Although there are areas that exude dark fantasy vibes, Enotria also has bright sunflower fields and colorful coastal settlements. Italian folklore and the masks of Arlecchino (also known as Harlequin) also play an important role.

The masks that you can find during the adventure define the loadout, bring special effects (with the starting mask, heavy attacks cause more damage) and provide the hero with a different number of slots into which you can place learned perks in order to activate them.

The passive perks can be found in Enotria’s highly branched talent tree. With the improvements unlocked there, you can strengthen your offense or defense as well as the effectiveness of active skills and effects.

You can also define four active skills, up to six consumables, one off-hand item and two weapons for each loadout. You can switch back and forth between the peacemakers and between up to three loadouts at any time during combat.

Another special feature reminds me a lot of the new Lords of the Fallen. In Enotria you can’t switch between two worlds, but there is always the possibility to adjust reality in places and thus create paths for a short time through which you can reach new areas of the game world.

Here I summon a bridge to enter the area at the other end of the gorge.
Here I summon a bridge to enter the area at the other end of the gorge.

Solid Soulslike experience

But how does Enotria play in the demo? The AA Soulslike leaves a solid impression in the demo. The fighter’s controls feel precise, the punches have a certain amount of power and you have to move carefully through the world to avoid falling into a trap set by well-placed enemies.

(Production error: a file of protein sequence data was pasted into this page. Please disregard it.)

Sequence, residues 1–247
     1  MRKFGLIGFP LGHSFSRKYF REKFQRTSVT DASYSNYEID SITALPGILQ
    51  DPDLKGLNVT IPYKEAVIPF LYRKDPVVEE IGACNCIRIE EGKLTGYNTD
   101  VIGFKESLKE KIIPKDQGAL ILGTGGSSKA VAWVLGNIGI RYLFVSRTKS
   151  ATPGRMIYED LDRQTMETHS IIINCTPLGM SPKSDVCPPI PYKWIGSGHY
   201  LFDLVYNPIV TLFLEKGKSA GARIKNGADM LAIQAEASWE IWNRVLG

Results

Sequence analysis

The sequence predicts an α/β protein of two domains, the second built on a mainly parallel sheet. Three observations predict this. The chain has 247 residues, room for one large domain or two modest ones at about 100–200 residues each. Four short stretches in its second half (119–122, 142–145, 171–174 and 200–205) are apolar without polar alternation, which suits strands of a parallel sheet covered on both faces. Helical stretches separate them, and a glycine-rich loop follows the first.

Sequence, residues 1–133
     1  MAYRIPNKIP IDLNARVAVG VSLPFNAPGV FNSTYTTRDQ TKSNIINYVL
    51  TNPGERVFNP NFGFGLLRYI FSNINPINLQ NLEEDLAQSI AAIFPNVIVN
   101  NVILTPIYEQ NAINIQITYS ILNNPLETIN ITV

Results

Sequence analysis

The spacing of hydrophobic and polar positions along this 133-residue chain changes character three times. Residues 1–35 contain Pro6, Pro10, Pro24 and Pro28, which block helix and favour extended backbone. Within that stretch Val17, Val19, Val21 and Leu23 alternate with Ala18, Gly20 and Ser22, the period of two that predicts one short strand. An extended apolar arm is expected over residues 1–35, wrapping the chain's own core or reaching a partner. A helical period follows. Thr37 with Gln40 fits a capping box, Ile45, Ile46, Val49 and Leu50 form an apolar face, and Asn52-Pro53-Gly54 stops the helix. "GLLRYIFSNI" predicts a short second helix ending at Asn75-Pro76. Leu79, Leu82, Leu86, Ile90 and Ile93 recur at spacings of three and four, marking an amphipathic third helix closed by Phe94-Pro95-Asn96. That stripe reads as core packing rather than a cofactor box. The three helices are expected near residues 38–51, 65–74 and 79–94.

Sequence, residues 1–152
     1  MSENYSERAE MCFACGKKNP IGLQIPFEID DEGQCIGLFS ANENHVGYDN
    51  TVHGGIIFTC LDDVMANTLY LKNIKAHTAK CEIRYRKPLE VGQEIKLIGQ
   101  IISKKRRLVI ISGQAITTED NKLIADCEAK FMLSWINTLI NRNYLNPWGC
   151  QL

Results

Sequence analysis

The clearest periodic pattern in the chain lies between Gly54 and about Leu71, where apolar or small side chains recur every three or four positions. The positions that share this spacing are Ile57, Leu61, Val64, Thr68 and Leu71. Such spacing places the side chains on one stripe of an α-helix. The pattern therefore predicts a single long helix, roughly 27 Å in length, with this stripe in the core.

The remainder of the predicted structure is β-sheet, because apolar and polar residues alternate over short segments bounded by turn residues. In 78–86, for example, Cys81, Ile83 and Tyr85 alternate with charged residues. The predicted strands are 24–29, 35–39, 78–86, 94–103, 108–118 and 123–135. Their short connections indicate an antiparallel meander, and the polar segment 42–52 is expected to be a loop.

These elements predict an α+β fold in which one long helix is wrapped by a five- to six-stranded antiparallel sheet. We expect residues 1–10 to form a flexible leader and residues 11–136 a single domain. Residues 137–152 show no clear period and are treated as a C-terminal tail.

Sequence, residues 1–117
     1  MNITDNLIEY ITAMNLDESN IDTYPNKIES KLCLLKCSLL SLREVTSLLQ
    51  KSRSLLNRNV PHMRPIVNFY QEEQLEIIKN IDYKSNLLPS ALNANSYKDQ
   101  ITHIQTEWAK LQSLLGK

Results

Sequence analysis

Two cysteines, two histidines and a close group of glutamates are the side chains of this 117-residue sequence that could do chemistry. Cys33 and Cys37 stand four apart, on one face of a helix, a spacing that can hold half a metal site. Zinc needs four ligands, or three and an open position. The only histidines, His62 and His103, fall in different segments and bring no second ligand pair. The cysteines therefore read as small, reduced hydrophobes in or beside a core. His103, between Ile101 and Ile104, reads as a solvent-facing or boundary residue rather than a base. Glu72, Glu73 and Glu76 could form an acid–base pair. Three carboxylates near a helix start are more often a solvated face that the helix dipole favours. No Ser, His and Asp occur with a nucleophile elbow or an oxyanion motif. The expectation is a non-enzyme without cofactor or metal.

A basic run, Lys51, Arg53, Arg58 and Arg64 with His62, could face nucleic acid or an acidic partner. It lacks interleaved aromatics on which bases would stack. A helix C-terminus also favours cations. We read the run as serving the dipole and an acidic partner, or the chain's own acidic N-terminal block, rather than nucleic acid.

If you take on too many enemies at once or if a strong opponent’s blow lands directly on your head, you’ll be defeated on the ground faster than you can spell Hidetaka Miyazaki. The situation is made worse by the fact that there are hardly any animations to protect the hero from the opponent’s blows.

The first boss of Enotria can't do much, but he also doesn't forgive too many mistakes.
The first boss of Enotria can’t do much, but he also doesn’t forgive too many mistakes.

The first boss, Curtis, already has an enormous amount of health and hardly takes any posture damage from parries or hits. So you have to play fairly error-free for quite a long time to eventually bring him to his knees (or farm a lot of Memoria beforehand to get level-ups and upgrades for the weapons and masks).

The developers should take a look at the balance of the introductory boss here. The performance of the action RPG also needs to be optimized due to the regular drops in the frame rate. Technically, you can’t expect AAA graphics, of course, but I really like the game world, in which there is a lot to discover right from the start, thanks to the pretty lighting and the Italian flair.

So if you’re into the Soulslike genre and aren’t just a fan of From Software’s works, you should check out the demo and just give it a try.

Enotria: The Last Song could be a solid representative of the genre, with a fresh setting and nice ideas. The final launch is planned for September 19, 2024, for PC, PS5 and Xbox. Alternatively, you can just wait until Shadows of the Erdtree comes out: I was already able to fight 4 bosses in the Elden Ring DLC ​​and have seen them more often than I would like